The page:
Learning about particular areas of the state of Illinois losing wealth and population hits very close to home, doesn’t it? Throughout Starved Rock Country and its surrounding areas, we constantly hear about our young graduates, entrepreneurs and business professionals leaving the area in search of better paying jobs, better housing, more community services and enhanced cultural opportunities. Retirees of age, and the lucky few who are able to retire young, are also leaving the area, if not permanently, certainly for several months at a time. In doing so, these transplants establish meaningful, new relationships which ultimately leads to the provision of time, talent and financial support to their new, or second, home. Preventing relocation of our precious human resources, their diverse and deep set of skills, creativity, drive, and financial support, requires near herculean efforts. I applaud all of those who dedicate themselves daily to bring more companies with exciting, interesting and challenging work opportunities to LaSalle and Bureau Counties, and everyone toiling to create and sustain excellent programs and services through our social service agencies, art, music, education, healthcare, conservation and historical preservation organizations. All of them share the same passion – ensuring that a quality of life exists throughout our area in every arena, so that the population here and its accompanying wealth remain to benefit us and future generations who cherish life in Starved Rock Country.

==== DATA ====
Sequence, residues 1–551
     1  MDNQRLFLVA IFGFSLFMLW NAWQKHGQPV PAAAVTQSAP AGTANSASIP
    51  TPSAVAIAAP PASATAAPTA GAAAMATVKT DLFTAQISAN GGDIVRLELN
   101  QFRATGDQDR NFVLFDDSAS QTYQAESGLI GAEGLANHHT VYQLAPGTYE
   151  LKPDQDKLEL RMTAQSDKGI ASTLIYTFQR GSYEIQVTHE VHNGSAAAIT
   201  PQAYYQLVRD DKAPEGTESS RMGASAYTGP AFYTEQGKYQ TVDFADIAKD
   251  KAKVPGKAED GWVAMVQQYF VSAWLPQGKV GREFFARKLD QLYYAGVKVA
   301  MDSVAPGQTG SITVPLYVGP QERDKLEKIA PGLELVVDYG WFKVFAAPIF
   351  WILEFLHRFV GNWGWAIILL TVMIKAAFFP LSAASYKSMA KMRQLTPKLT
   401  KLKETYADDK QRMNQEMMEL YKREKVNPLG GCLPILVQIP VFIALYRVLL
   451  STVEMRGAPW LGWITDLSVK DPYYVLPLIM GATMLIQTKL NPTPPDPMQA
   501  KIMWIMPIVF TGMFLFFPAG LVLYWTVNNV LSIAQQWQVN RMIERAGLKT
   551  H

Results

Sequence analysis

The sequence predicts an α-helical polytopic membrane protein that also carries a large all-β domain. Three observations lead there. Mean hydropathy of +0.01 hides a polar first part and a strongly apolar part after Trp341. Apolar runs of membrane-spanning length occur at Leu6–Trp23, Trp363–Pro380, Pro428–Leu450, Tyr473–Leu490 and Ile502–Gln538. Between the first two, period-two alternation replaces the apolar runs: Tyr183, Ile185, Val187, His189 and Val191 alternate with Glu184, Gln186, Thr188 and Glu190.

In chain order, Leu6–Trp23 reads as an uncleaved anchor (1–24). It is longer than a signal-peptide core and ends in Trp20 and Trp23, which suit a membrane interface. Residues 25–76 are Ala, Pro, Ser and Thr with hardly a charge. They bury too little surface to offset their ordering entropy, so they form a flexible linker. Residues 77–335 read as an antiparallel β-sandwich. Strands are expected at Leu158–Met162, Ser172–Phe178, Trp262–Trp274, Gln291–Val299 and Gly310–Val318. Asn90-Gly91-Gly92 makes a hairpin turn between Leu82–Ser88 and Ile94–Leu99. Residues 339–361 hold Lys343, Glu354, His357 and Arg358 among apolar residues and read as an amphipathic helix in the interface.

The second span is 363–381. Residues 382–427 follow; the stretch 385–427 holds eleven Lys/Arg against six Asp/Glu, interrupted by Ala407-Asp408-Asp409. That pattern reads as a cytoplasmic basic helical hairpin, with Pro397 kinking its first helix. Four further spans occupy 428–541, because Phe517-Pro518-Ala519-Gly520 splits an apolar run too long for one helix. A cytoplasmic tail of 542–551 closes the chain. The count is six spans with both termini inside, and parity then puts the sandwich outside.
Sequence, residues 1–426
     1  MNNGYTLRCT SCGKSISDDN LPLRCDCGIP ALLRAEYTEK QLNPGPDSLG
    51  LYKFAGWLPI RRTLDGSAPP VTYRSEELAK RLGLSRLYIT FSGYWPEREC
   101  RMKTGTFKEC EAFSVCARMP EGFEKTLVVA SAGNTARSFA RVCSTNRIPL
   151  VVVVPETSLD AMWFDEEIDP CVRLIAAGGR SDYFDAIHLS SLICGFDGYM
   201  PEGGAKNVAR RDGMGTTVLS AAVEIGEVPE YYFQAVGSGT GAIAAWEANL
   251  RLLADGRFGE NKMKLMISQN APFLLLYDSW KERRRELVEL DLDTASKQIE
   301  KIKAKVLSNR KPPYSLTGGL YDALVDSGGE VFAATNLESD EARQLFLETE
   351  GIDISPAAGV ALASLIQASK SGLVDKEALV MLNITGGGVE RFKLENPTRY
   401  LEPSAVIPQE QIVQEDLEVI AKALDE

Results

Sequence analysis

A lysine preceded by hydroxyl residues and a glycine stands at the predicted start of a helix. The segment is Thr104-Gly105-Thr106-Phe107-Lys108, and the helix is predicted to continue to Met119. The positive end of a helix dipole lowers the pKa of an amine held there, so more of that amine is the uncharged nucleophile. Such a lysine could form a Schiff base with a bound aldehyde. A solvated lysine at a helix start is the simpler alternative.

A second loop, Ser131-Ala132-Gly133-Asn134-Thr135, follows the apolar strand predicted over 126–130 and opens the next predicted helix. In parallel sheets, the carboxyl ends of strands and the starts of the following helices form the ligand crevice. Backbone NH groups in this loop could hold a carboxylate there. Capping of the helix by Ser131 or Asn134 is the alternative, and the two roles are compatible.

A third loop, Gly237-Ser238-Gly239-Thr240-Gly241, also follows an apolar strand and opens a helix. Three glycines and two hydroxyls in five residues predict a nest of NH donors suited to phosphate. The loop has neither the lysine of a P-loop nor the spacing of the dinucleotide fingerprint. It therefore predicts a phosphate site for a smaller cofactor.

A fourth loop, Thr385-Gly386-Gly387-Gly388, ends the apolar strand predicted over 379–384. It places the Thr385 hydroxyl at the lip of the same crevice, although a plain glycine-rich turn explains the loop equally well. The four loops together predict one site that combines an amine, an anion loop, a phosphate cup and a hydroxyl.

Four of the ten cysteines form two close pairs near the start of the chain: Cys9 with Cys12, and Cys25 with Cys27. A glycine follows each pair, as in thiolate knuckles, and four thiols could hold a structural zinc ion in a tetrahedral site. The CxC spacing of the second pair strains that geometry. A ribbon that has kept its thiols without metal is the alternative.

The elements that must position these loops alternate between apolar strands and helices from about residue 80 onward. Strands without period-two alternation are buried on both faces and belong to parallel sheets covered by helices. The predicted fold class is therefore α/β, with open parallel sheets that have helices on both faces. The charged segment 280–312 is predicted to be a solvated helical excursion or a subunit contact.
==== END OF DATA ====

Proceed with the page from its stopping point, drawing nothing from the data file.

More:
But what about that transfer of wealth – a highly negative outcome of generational relocation. In LaSalle, Bureau and Putnam Counties, predictions indicate that residents are projected to transfer $1.97 billion to the next generation in the coming decade. How much of that wealth will actually leave us? Impossible to predict what might leave, but if just 5% of it remained in LaSalle and Bureau Counties, the retained wealth equals over $98 million. Nothing to sneeze at, for sure. Retained wealth, when invested in the Starved Rock Country Community Foundation in an endowment, could produce annual distributions between of 5% back to the community. In our case, that distribution would be just shy of $5 million, annually. Can you imagine the impact on the communities of Starved Rock Country?
Our mission is simple. We match people who care with causes that matter, forever. We provide a central philanthropic vehicle to build and manage permanent funds that will enable broad-based grant making to meet the emerging needs of the community. We make grants to local charitable organizations and provide valuable scholarships to students. Leaving just 5% of your wealth here at home with the Starved Rock Country Community Foundation will provide a permanent legacy of caring and will be used where it will do the most good – in our community. SRCCF is your Foundation.
For. Good. For. Ever.